When you reach your hand into a bag of chips, are you able to stop with only one? Or do you keep gobbling down more of them? If we are being honest, all of us who have ever had weight concerns have had regret over continuing to eat past the point of satiety. We tend to overeat simply because we can not satisfy our body. It is only when we make healthy food choices that we feel complete by not overeating. Feeling nutritionally complete and properly fueled is different than being stuffed with junk food choices.
Of course eating should be a source of pleasure. Who wants to eat something that does not taste good, right? The problem is, highly palatable foods have the capacity to stimulate the appetite and prompt us to eat more. They tend to be sugary, fatty, and salty. The better tasting the food, the more we will eat. Palatable food tends to activate the reward circuits in the brain and which stimulates our appetite. Through flavor manipulation, it has become too easy to over eat.
Of course we have a problem with food science and manipulations to increase yields and make blander foods more palatable. But, I do not want to make anyone believe there is anything malevolent occurring in the food industry. We have a huge population to feed, and as it increases worldwide, the problem is not going away anytime soon. Food growers are not evil, they are dealing with the same problems they always have since the beginning of time. They have to create crops that are hearty and big enough to not get wiped out by insects or crop diseases. But, what we the people also have to do, is quit demanding cheap, processed foods of convenience and get back to the basics of cooking whole foods for ourselves. We have to quit placing our wants over our needs for the obesity epidemic to go away.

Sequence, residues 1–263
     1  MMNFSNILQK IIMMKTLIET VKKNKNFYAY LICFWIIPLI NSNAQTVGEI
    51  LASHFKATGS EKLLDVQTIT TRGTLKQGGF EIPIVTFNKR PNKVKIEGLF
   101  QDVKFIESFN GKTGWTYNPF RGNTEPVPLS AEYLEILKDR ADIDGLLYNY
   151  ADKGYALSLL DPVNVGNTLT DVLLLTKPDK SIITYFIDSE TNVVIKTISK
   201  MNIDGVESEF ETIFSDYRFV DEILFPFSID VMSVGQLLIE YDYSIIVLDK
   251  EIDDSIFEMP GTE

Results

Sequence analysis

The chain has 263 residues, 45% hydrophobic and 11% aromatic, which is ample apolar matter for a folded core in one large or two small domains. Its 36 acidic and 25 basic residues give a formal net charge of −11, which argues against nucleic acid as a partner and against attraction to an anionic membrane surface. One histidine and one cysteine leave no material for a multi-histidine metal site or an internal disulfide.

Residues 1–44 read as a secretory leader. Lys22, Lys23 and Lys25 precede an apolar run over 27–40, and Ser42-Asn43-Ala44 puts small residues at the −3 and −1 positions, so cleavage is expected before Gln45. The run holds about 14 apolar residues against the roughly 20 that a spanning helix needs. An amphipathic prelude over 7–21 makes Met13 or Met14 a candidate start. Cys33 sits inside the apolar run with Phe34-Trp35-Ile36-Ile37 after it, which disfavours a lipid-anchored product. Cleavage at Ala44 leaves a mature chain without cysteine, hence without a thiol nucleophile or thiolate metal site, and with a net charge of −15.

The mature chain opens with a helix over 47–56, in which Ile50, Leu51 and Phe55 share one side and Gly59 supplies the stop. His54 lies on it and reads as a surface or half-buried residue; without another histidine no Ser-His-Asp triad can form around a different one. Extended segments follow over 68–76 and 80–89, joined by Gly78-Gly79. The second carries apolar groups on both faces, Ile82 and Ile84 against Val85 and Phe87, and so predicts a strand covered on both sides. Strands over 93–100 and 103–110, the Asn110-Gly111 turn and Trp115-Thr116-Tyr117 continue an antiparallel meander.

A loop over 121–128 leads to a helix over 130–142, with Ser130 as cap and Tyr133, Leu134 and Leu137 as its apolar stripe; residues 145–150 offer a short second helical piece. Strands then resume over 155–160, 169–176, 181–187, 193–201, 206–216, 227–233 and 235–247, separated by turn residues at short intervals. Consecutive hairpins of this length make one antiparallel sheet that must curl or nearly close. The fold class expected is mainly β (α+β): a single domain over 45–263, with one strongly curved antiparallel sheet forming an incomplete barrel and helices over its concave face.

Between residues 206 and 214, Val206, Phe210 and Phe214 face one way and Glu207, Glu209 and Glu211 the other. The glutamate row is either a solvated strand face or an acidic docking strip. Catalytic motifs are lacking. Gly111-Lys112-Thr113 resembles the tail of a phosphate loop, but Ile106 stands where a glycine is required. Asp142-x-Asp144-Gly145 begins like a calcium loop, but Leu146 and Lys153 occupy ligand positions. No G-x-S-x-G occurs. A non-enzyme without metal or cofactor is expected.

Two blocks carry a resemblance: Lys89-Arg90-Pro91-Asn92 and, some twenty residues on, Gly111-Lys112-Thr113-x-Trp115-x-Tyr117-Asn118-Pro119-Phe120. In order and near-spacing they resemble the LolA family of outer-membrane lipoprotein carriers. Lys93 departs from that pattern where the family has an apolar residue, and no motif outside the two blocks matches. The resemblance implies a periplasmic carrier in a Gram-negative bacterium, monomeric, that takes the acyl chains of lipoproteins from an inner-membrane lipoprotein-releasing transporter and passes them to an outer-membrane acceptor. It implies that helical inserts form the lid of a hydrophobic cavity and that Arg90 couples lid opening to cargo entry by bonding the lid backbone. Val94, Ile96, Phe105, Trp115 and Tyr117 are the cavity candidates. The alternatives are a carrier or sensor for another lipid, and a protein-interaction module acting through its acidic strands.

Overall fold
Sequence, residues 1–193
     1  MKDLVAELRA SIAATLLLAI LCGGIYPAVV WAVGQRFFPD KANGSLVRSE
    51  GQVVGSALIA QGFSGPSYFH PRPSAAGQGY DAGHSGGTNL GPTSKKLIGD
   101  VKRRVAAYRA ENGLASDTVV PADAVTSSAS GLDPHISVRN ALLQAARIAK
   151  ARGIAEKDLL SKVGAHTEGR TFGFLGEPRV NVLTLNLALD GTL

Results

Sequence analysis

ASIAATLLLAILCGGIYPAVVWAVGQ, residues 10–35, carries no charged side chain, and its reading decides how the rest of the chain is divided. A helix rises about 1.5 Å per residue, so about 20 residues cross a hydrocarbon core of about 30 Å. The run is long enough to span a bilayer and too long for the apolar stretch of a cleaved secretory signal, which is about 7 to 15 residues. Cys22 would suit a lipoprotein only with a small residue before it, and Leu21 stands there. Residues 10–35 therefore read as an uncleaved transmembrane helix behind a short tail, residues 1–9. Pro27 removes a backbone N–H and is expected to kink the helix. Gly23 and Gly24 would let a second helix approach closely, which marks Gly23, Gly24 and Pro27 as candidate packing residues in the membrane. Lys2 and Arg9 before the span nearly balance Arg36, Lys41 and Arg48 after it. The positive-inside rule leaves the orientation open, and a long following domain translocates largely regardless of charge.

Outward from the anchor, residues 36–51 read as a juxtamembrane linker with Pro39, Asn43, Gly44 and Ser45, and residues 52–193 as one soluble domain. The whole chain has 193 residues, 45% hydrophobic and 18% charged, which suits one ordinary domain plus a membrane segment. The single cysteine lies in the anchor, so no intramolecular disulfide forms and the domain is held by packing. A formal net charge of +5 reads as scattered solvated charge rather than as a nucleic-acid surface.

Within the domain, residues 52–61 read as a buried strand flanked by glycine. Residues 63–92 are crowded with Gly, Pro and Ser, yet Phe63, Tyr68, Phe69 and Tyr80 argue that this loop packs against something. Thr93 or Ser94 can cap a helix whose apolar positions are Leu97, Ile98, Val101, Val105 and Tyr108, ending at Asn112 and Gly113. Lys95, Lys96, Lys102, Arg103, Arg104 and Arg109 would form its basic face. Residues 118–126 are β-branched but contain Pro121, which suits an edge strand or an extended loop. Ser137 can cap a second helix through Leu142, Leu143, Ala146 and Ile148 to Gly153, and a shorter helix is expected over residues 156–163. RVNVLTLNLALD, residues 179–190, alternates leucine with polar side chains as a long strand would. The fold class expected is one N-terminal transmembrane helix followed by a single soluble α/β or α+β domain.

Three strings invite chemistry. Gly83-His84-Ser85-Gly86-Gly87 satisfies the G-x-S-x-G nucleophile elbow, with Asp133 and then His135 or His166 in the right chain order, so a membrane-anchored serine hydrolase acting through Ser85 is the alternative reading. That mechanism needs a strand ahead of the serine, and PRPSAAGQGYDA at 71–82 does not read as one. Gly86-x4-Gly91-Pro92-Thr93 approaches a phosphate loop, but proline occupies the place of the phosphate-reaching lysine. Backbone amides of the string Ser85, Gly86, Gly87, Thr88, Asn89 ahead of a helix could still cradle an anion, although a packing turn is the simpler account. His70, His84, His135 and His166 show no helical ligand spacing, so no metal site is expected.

What you have to do is to understand the nature of food production and make choices of nutritional foods over those of convenience and perceived affordability. You have free choice, but you are not free from the consequences of your choices.
Or, have we just become lazy and apathetic when it comes to our daily food choices?
It really is of no surprise that most people do not eat healthy diets anymore when you look at the abundance of high calorie, low nutrition foods we are surrounded by nowadays. Our grocery stores, convenience stores, and other retail outlets almost always have large displays of junk foods to pique our appetites. And this is not by accident. As with flavorings added to alcohol and tobacco products, the food industry is doing the same thing to bring in repeat customers.